Lakeland Community College is the new host business site for Lake County’s Project SEARCH, a nationally recognized internship program for students with disabilities seeking competitive employment.
The program was previously hosted at the Lake County Board of Developmental Disabilities (LCBDD) Deepwood campus, in partnership with the Lake County Educational Service Center (LCESC), Opportunities for Ohioans with Disabilities (OOD/BVR), the LCBDD and OakLeaf Partners Transition Services, a Center of Excellence for Adults at UCP of Greater Cleveland.
LCBDD and program partners felt more students would benefit by moving the program to a college campus.
“Students in the Project SEARCH program want to transition from high school to college or the workplace just like their peers,” said Julie O’Neil, director of special education for LCESC.
The Project SEARCH High School Transition program is a one-year internship program for students with disabilities who are typically on an Individual Education Program (IEP) and in their last year of high school eligibility. The most important criterion for acceptance into Project SEARCH is a desire to achieve competitive employment upon graduation. Students are referred to the program through their school district. After graduation, they have the opportunity to utilize the LCBDD Community Employment Services Department for follow-along job coaching services.
On Aug. 22, seven local students began to participate in three internship rotations at Lakeland to explore a variety of career paths. Lakeland is providing internships in a variety of settings and encompassing a number of functions within the college, including computer data entry, custodial, clerical, shipping and receiving, event services, athletics, fitness center, grounds, and the mailroom.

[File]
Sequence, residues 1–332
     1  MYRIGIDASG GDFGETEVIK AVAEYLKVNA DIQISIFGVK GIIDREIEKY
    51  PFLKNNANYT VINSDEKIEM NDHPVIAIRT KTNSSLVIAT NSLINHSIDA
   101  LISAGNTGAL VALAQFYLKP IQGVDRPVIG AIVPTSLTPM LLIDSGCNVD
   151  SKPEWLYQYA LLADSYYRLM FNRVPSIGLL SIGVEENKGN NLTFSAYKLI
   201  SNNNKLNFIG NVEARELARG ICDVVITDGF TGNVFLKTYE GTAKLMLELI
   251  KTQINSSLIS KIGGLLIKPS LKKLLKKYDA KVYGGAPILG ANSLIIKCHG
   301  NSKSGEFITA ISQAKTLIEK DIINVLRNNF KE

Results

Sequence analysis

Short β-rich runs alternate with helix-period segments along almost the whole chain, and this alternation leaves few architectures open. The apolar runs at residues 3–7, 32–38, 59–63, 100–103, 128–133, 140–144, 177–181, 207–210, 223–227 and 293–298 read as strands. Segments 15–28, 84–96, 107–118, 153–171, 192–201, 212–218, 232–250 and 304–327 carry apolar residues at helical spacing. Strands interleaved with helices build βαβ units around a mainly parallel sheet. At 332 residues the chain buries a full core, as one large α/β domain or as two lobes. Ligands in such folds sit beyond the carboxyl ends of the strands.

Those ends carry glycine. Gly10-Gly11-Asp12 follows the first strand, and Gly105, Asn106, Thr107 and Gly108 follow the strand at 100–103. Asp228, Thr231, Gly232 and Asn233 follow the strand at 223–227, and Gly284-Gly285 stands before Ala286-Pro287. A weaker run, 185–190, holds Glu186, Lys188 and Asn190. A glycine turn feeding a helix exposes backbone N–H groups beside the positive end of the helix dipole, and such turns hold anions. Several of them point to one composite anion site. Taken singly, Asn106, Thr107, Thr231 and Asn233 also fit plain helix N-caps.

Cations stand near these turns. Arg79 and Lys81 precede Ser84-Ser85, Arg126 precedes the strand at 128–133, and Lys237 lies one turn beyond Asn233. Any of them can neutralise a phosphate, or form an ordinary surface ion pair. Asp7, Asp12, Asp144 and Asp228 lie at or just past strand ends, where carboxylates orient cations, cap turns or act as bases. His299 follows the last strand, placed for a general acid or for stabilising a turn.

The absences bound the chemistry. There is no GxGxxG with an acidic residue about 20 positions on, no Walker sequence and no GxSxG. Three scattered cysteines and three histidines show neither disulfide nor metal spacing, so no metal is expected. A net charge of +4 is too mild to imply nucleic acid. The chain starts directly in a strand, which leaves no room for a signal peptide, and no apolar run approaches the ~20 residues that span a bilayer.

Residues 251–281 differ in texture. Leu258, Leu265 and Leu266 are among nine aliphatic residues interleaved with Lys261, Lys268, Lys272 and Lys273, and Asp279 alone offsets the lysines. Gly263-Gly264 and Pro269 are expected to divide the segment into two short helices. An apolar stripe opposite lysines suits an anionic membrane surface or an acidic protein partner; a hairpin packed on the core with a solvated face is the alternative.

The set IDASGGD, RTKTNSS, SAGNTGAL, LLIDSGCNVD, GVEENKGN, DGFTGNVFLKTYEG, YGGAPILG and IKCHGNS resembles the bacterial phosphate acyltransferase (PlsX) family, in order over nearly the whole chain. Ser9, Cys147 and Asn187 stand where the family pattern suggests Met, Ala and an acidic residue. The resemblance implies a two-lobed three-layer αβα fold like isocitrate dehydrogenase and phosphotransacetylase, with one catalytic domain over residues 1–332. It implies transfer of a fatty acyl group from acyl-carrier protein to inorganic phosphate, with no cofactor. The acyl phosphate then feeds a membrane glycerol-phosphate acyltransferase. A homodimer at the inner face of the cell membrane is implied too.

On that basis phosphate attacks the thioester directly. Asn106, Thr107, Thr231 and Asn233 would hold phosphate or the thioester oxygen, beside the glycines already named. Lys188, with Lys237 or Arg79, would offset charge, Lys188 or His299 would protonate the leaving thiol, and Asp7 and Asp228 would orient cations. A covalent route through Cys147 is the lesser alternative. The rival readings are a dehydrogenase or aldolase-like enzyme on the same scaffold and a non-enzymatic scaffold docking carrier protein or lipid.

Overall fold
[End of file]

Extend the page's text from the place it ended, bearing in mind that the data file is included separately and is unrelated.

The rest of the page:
The students will work with a team that includes their family, a special education instructor from LCESC, and a job coach and job placement specialist from OakLeaf Partners to create an employment goal and support the student during this important transition from school to work. The managers of various college departments will provide training, assign work, and assess students’ performance against established metrics.
Sharon Koehler, the Project SEARCH classroom instructor at Lakeland, said the seven students are highly motivated and ready to learn valuable job skills to enable them to find employment in a related position.
“Project SEARCH will help these students develop important skills and work experience that will set a foundation for their career success,” said Koehler.
For the first and final hour of the day, students will meet in the Project SEARCH classroom to develop goals, learn independent living and employability skills, discuss their internship experiences, and work to compile a professional portfolio. After classroom instruction, student interns spend the majority of their day in different departments throughout the college, working in internships. Each student will typically experience a series of three 10-week internships during their time in the program. This allows them to explore career options and learn specific, transferable job skills that give them the qualifications they need to compete for entry-level jobs at the host business or with other employers.
Lakeland President Dr. Morris W. Beverage Jr. said the college is proud to partner with Project SEARCH and create meaningful school to work opportunities for young adults with disabilities.
"At the end of the internship program, these students will gain competitive, transferable and marketable job skills to become successfully employed in our workforce," said Beverage.
Project SEARCH began at Cincinnati Children's Hospital in 1995 and has expanded to 400 sites across the United States, Canada, England, Scotland, Ireland and Australia. There are more than 40 Project SEARCH host sites in Ohio including the Cleveland Clinic and Lorain County Community College.
For more information about Project SEARCH, visit projectsearch.us/.